There is no ‘right’ way or place to give birth

Discussion about the ‘best’ place for women to give birth is ongoing today, with new guidance from the National Institute of Clinical Excellence (NICE) that state “45% of women are at extremely low risk of complications and may be better off giving birth elsewhere” (not in hospital). However, we need to remember there is no ‘right’ way or place to give birth, and to not forget about the needs of women who have suffered a traumatic birth.

The argument is that giving birth at home, or in a midwife-led unit is safer for mums assessed as being ‘low risk’ because they are more likely to be relaxed in familiar surroundings and are less likely to have unnecessary interventions. That makes sense to me, and sounds very positive.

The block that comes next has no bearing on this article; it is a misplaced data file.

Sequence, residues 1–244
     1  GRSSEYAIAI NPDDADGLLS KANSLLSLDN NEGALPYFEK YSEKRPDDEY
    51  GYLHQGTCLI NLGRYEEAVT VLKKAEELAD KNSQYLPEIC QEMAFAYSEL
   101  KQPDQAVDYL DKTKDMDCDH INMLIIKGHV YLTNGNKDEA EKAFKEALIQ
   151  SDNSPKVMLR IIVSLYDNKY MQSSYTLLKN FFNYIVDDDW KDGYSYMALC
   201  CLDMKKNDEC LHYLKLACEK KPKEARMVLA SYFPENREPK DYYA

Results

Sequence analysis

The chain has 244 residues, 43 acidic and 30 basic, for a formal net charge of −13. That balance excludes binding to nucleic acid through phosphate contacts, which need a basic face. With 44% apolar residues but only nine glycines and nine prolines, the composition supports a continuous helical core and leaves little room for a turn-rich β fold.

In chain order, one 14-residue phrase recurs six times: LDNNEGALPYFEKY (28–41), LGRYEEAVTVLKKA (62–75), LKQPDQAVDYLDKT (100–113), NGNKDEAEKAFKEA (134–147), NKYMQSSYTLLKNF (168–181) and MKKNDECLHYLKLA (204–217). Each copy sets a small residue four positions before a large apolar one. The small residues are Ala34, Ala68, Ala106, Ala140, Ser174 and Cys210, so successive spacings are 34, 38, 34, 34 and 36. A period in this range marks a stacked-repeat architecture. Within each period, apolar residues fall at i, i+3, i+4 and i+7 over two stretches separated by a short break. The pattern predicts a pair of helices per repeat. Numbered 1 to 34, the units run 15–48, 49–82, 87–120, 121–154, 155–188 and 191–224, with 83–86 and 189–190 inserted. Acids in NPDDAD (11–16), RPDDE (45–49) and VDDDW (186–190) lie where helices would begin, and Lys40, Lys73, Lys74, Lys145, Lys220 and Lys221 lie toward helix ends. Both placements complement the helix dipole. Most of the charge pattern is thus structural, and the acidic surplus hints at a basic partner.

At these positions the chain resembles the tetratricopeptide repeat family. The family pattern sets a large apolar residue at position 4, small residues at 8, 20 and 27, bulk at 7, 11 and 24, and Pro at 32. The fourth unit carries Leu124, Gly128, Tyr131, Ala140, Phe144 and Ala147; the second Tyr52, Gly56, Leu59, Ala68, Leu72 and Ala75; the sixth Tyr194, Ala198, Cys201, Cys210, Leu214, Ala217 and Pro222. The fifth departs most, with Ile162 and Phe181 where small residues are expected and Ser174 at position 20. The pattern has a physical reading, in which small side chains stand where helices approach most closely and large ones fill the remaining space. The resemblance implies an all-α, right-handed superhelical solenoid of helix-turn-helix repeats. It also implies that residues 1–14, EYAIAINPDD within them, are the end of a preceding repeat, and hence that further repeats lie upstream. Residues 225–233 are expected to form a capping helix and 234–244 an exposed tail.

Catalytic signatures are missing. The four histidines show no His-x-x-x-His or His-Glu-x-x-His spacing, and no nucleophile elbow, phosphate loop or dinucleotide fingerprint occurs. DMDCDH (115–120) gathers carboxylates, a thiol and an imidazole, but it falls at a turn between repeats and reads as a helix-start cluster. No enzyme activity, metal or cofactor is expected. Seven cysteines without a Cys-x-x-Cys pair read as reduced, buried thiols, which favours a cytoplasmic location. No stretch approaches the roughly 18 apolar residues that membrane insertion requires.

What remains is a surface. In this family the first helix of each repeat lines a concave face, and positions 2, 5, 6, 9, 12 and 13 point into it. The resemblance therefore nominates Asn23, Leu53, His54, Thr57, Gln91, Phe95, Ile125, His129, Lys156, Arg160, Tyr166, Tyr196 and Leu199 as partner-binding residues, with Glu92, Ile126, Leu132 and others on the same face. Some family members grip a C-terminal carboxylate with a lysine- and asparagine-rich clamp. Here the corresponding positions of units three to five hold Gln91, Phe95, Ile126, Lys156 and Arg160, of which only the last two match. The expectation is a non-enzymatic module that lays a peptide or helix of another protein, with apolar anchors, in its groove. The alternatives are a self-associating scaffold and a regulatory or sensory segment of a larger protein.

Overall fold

Empowering women to choose where they have their baby is a wonderful thing, provided they are given all the information they need to ensure that choice is informed, and best for them and their baby.

Ultimately, every woman is individual with individual needs.

My pregnancy was going completely to plan until 24 weeks, when I was diagnosed with severe preeclampsia and severe HELLP syndrome. I was transferred from my local hospital to a specialist hospital two hours away by blue light ambulance.

Being so ill, and at genuine risk of death if left untreated, I was effectively relieved of any choice over what happened to my body. I felt like a human pin cushion; I had wires going in to and out of my body, and so many medical professionals from different specialties coming to see me I lost count.